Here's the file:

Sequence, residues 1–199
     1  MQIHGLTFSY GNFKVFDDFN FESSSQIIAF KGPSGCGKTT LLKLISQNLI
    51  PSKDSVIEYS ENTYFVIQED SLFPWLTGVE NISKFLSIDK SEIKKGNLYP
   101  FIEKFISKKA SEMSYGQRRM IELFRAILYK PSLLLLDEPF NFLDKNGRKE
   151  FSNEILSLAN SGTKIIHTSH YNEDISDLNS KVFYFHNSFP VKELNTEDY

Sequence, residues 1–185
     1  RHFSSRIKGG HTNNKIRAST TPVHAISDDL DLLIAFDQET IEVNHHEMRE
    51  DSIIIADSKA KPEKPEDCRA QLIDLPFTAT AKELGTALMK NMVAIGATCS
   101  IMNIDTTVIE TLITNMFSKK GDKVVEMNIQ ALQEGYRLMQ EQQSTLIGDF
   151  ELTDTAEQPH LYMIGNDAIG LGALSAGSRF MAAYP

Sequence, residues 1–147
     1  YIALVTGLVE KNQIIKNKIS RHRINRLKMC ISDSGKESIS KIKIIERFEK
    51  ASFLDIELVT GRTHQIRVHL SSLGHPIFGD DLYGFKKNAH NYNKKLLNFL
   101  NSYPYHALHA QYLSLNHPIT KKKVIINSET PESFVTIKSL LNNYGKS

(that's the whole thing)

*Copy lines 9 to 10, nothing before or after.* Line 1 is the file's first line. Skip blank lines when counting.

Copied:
   101  IMNIDTTVIE TLITNMFSKK GDKVVEMNIQ ALQEGYRLMQ EQQSTLIGDF
   151  ELTDTAEQPH LYMIGNDAIG LGALSAGSRF MAAYP